• Fees: If a credit card charges an annual fee, a balance transfer fee, a foreign transaction fee, a cash advance fee, or other fees, the card issuer must include these details in the Schumer Box. Given the prevalence of credit card options available, many of these fees are avoidable.
  • Grace Period: The length of a credit card’s grace period must also appear in the Schumer Box. In 2009, the Credit Card Accountability Responsibility and Disclosure Act (aka, the CARD Act) mandated that all consumer credit card accounts that offer a grace period must be at least 21 days long. Your grace period begins the day your statement is generated.

In addition to the details above, card issuers have to create the table in a font that is at least 18 points or larger. In other words, the credit card disclosure can’t be buried in the fine print. 

It’s also worth noting the Schumer Box requirements apply to both advertisements (aka solicitations) and credit card statements. Thanks to the requirement, you can understand the key terms a card issuer offers before you apply for a new credit card account. And, you can stay on top of the terms of any credit card account you have already opened. 

Schumer Box Example

Below is an example of what the Schumer Box looks like on your credit card statement. This example is based on the Chase Freedom Cardmember Agreement as of publishing:

You can also visit the Federal Reserve’s website for an example of a Schumer Box a card issuer may use with its applications or solicitation materials. 

How to Pay Down Credit Card Debt

Credit cards are all about making life more convenient. The plastic (or metal) payment methods offer iron-clad fraud protections, credit-building benefits, and in some cases, rewards like cash back on the purchases you make. 

Some cards even give you the ability to save a ton of money by transferring balances and paying zero interest for a period of time. 

Yes, it is true that credit card interest rates tend to be higher than other forms of credit, even for consumers with good credit scores. This is because credit cards offer no security for card issuers. 

For example, if you opened a new card today, ran up a large balance, and then defaulted on the account, the card issuer cannot come to take back the things you purchased, whereas an auto lender or mortgage lender could. 

Credit cards have higher interest rates because they have to subsidize the cost of issuing a higher-risk credit product. 

The best approach is to always pay off your credit card balance in full every month. That way things like the APR become irrelevant. But if you have more credit card debt than you can afford to pay off right away, you may need to make a plan to pay down your balances a little at a time, unless you can qualify for the aforementioned balance transfer credit cards.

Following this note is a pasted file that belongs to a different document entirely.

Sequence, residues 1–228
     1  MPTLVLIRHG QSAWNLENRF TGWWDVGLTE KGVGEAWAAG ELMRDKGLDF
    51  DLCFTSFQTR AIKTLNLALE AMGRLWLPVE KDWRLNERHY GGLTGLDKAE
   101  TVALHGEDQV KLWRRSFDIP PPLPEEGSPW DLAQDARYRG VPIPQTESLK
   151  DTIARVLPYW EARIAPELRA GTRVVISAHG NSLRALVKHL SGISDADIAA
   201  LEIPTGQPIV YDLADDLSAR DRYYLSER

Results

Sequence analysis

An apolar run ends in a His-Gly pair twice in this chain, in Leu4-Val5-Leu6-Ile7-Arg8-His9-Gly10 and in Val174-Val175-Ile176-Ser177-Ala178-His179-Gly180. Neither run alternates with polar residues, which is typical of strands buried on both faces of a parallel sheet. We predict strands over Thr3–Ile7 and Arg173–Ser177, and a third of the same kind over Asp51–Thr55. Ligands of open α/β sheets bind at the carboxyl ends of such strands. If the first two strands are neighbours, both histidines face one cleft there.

Here are two debt elimination strategies that may help you. 

  • The Snowball Method. With the snowball debt elimination strategy, you make a list of your credit card balances from lowest to highest. Continue making at least the minimum payment on all your accounts. This protects your credit scores from the impact of late payments and helps you avoid late fees and other problems.

    Next, pay every extra dollar that you can toward the credit card with the lowest balance you owe. Once you pay off the account, move up your list to the credit card with the next-smallest balance and repeat.
  • Consolidate. If you have a lot of credit card debt, but your credit scores are in decent (or better) shape, you may want to consider consolidating your credit card debt. You can use a balance transfer credit card or a debt consolidation loan to pay off your existing credit card balances.

    Assuming you can get a lower interest rate on your new balance transfer credit card offer or personal loan, you can save money and pay off your debt faster with this approach. Just be careful not to run up more credit card debt after you consolidate your balances or this strategy could backfire.

One of these two debt-payoff strategies can help you overcome high-interest credit card debt. But if you’re overwhelmed by your debt, considering reaching out to your card issuer for a hardship accommodation.

Understand the Terms Within the Schumer Box

Thanks to the Schumer Box, you can access a clear and concise list of all the costs involved with your credit card account, almost all of which are optional and easily controlled by clever card users. It’s a good idea to review these important card details anytime you’re considering a new credit card account and when you’re managing your existing credit cards.

But keep in mind that the best way to manage your credit card accounts is to pay your statement balance in full every month. If you make a habit of never revolving an outstanding balance on your credit card account, you can enjoy the benefits credit cards have to offer without having to worry about the cost of interest.